The Guard – 2011 Written and Directed by John Michael McDonagh Starring Brendan Gleason, Don Cheadle, Liam Cunningham, Mark Strong, Fionnula Flanagan, David Wilmot, Michael Og Lane, Dominique McElligott, Rory Keenan Early on in […]
The Guard – 2011
Written and Directed by John Michael McDonagh
Starring Brendan Gleason, Don Cheadle, Liam Cunningham, Mark Strong, Fionnula Flanagan, David Wilmot, Michael Og Lane, Dominique McElligott, Rory Keenan
Early on in The Guard, I got the ringing sense of familiarity. At first, I couldn’t place it. There was a ton of swearing with Gaelic accents, and more than a little violence. Brash and somewhat crazed killers running a drug operation, an unconventional police officer, called a Garda in Ireland, who works better alone, and a straight-laced FBI agent who is in town trying to disrupt the ring. It wasn’t until spent some time together, alone in a car that I placed it: this is an Irish version of Lethal Weapon.
It’s not a facsimile, for sure. Gleeson’s, Boyle is not suicidal, unless you take his off day proclivities into account. Cheadle’s FBI Agent Everett is not about to retire, and he definitely isn’t “…too old for this shit.” Too American might me more like it.
“I don’t know if you’re really mutha-(expletive) smart… or really mutha-(expletive) dumb,” Everett says during the car ride. So far, all the members of the Garda have been seemingly co-operative with Everett. Boyle has been contrary, to say the least. Contrary, but on point.
Soon enough we find Boyle, the only member of the Garda who colors outside the lines, is the only one that has a bee-line on the operation. This gets him noticed by the bad guys, of course, who try to separate him from Everett until they can get him out of town.
The time they get to spend together, though, is pretty entertaining, in a slower, more Irish version of Lethal Weapon kind of way. Gleeson is totally at ease here, but then, I rarely see him tense up in front of the camera. The role has some excellent subtle touches, and then some that aren’t so subtle. It is nice that he is getting some attention for a leading role, because he has done this in a supporting role forever.
Cheadle is one of the rare supporting actors who always seems smarter than everyone else on-screen. It’s a different case here. Everyone here seems nice and idiotic, or in Boyle’s case obtuse and nearly crazy stupid. He is being played on both counts, but Boyle is only playing because he is bored.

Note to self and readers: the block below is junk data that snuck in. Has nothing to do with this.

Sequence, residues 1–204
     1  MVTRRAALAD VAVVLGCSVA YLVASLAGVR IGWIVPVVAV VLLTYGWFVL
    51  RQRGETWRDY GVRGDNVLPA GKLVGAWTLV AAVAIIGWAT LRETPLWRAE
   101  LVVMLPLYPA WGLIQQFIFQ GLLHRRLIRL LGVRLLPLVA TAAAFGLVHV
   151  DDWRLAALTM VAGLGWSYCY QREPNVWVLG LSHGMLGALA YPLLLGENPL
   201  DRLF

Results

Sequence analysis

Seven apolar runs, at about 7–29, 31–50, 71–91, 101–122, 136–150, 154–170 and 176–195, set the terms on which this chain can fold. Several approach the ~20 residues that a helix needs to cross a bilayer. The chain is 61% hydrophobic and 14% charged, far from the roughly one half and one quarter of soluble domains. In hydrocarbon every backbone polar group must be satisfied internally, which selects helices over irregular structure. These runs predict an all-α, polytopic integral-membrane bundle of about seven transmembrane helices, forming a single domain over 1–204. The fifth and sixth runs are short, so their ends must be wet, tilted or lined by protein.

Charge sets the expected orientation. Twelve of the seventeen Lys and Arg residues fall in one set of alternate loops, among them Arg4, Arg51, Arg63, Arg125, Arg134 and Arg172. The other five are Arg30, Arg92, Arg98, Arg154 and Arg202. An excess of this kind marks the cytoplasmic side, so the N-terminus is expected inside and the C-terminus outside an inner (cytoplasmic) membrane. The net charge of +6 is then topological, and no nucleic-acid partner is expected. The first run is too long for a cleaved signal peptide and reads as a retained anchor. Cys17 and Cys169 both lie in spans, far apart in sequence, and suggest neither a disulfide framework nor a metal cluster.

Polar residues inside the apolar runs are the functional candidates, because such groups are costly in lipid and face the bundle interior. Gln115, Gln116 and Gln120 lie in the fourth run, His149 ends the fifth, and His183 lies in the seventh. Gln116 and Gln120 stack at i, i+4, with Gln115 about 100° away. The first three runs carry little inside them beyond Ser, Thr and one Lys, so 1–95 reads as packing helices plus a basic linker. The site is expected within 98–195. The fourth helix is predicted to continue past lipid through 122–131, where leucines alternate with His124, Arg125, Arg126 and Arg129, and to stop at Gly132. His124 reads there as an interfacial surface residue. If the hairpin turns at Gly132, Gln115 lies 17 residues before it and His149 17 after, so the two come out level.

As for the criminal element, I found them to be a decent mix. I was thankful to find that Mark Strong wasn’t playing the lead antagonist. Most movies where he is tend to tank, both artistically and at the box office. David Wilmot is entertaining as the one who knows that he is a sociopath, and not a psychopath, but only because his therapist told him this. Cunningham is shrewdly menacing in that role as Sheely-Skeffington.
One of the characters that helps to give Boyle his depth in the film is his mother, Eileen, poignantly portrayed by Fionnula Flanagan. Sick, and stoically looking for a way to end her suffering, she is comforted by her son’s presence. One gets a real sense of a bond between the two, in the most subtle way. They are direct, but avoid being overly dramatic. His relationship with his mother is a direct parallel with that of his new partner. Flanagan is the rare, wonderful actor, who radiates of intelligence, depth and pain. Seeing her in her state in this film was jarring for how authentically she plays it.
The Guard received much high praise, probably more than it deserved. This is primarily, because it’s a nice little movie coming out of what many people in the Western world think of as “a nice little country.” Ireland has that effect on people. No one expects much out of it. In this way, Gleeson’s Garda represents Ireland’s impression of itself to the rest of the world. Looks kind of slow, seems kind of dumb, and no one knows how it keeps going. Slow and easy wins the race. Eventually.
(***1/2 out of *****)